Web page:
The least we can say is that the movements on the foreign exchange markets have been a topic of discussion in recent days. The subject has been widely discussed at the World Economic Forum in Davos but also at the ECB Governing council.
US statements that sow confusion. In Davos, the Treasury Secretary Steven Mnuchin and the Trade Secretary Wilbur Ross adopted an offensive communication on the trade policies of other countries, fueling the theme of the trade war. Mnuchin further stated that a weak dollar was in the interest of the US economy. The next day, President Trump retracted his remarks and said he wanted to see the dollar stronger "ultimately" because that would be a sign of the strength of the US economy. Overall, these statements have clouded the US government's intentions on several topics including the dollar.
The markets were disappointed by Mario Draghi's reaction to the appreciation of the euro against the dollar. Contrary to the expectations of some, Mario Draghi did not provide a firm response to the exchange rate movements and simply indicated that “the recent volatility in the exchange rate represents a source of uncertainty which requires monitoring with regard to its possible implications for the medium-term outlook for price stability ». The lack of a strong response from the ECB on this issue is not surprising. Indeed, the effective exchange rate of the euro has risen only slightly since the beginning of the year: it is only up by 0.6%. In contrast, the euro is up 4.1% against the dollar over the period (the chart below shows the evolution of currencies vs USD: only the Philippine peso has depreciated vs the USD year-to-date whereas a significant group of currencies have appreciated vs the euro). So it's much more a shock on the dollar than a shock on the euro that we are witnessing.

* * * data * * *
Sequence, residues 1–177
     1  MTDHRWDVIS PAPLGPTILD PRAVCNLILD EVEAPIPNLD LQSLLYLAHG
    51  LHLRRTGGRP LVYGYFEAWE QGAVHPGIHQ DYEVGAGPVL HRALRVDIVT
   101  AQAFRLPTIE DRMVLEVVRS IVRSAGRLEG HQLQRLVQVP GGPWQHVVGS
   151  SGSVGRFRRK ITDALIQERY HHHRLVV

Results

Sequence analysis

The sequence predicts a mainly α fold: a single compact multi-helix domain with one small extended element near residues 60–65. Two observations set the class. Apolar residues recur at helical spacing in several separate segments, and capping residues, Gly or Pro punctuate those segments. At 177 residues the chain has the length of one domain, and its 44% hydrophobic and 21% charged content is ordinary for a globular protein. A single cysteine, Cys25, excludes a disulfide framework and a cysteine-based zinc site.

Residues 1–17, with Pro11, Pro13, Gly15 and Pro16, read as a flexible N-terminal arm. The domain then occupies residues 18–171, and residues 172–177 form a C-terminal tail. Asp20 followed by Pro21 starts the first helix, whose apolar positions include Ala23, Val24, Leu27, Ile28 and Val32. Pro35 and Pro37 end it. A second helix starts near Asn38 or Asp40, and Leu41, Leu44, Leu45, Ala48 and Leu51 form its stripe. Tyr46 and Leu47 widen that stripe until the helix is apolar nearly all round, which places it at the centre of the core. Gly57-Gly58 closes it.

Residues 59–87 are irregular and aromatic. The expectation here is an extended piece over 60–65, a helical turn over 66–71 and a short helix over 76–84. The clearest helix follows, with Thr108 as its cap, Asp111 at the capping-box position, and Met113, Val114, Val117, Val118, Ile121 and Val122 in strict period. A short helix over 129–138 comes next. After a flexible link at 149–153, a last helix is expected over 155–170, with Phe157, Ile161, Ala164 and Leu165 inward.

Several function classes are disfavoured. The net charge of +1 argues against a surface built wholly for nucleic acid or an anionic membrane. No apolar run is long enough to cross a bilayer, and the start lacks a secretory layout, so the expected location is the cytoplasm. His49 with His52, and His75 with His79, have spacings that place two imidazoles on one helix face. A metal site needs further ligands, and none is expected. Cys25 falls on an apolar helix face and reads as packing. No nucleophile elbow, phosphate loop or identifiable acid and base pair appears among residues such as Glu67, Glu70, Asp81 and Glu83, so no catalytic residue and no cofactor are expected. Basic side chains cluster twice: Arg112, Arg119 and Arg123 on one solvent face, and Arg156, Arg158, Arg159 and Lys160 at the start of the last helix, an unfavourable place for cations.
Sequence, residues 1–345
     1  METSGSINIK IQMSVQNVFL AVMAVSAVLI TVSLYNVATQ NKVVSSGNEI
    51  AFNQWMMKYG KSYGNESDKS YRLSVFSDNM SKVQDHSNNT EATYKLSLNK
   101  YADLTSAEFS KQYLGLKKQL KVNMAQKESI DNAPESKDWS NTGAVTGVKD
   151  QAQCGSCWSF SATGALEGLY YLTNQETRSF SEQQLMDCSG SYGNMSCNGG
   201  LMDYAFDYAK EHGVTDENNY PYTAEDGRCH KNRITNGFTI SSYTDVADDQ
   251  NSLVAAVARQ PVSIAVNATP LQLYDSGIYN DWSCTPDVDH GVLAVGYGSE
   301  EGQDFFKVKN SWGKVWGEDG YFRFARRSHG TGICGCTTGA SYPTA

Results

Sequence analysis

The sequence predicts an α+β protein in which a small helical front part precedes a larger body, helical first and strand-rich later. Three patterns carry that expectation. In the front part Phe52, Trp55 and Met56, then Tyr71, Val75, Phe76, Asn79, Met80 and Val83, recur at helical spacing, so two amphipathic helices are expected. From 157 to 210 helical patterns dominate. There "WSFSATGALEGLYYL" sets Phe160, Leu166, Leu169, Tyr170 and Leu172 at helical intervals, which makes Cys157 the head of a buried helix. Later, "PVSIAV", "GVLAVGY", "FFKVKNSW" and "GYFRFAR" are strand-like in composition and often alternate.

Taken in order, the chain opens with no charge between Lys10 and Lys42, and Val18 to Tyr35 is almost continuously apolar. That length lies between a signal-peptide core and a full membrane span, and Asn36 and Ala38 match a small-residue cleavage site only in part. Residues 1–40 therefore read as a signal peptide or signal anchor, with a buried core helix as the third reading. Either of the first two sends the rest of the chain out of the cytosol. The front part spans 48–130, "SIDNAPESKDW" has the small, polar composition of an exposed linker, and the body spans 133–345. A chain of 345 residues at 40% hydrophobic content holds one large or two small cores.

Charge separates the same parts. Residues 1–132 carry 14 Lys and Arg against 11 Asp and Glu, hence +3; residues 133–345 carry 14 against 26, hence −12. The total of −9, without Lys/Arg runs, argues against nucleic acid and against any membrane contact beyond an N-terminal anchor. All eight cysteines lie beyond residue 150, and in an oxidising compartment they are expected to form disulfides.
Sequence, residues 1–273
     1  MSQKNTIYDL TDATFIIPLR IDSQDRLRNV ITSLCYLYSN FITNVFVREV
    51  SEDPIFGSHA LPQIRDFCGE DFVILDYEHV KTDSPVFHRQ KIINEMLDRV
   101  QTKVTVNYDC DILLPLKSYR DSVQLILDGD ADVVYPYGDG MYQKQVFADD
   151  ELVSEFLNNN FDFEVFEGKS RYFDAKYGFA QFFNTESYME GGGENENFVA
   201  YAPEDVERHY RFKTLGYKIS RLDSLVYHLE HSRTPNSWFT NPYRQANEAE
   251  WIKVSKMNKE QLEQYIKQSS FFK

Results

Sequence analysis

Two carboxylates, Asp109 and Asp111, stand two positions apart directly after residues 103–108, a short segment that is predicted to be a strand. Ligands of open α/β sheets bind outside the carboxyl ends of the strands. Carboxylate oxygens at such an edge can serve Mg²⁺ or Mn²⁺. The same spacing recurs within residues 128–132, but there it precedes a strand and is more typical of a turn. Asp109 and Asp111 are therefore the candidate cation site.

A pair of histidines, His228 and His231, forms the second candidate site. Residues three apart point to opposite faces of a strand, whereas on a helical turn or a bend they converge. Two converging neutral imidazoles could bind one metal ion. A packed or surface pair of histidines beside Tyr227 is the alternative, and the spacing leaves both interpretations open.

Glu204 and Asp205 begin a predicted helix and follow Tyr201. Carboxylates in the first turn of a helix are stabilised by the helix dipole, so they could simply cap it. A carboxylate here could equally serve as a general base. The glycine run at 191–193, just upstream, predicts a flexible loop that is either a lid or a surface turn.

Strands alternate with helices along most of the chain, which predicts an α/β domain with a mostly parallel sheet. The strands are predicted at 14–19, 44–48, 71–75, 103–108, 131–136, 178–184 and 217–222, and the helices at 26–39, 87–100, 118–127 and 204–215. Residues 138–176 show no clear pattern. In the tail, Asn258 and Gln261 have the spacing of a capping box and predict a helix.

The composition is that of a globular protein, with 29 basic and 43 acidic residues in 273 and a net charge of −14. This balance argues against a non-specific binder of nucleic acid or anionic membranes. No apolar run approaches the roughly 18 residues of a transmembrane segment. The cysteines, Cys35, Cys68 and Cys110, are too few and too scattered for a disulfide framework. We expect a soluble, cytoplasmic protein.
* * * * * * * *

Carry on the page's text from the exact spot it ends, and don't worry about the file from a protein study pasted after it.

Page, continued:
The depreciation of the US dollar is all the more disconcerting as long rates have risen in the US more than in the other developed countries since November. But one should also remind that the dollar had depreciated continuously during the 2004-2006 fed funds tightening cycle as global growth was strong, as the other developed economies were catching up with the US and as commodity prices were booming. Several other elements can partly explain the USD depreciation:
- The rise in oil prices. Even if the negative link between oil and the dollar is less strong than before, it is likely that part of the decline in the dollar comes from the rise in oil prices.
- The rise in the cost of the currency hedging of US assets for European and Japanese investors: US short-term rates are rising and continuing to rise while European and Japanese short-term rates remain negative. This might discourage the acquisition of US assets.
- The uncertainties about the US economic policy. Beyond the uncertainties about the US trade policy, the shutdown episode and the progress of the investigation by Special Counsel Robert Mueller have probably had a negative impact on investors’ sentiment.
But even some of these themes are here to stay and that we forecast a modest trade-weighted depreciation for the USD this year, the current pace of USD depreciation seems exaggerated and this should lead to some corrections.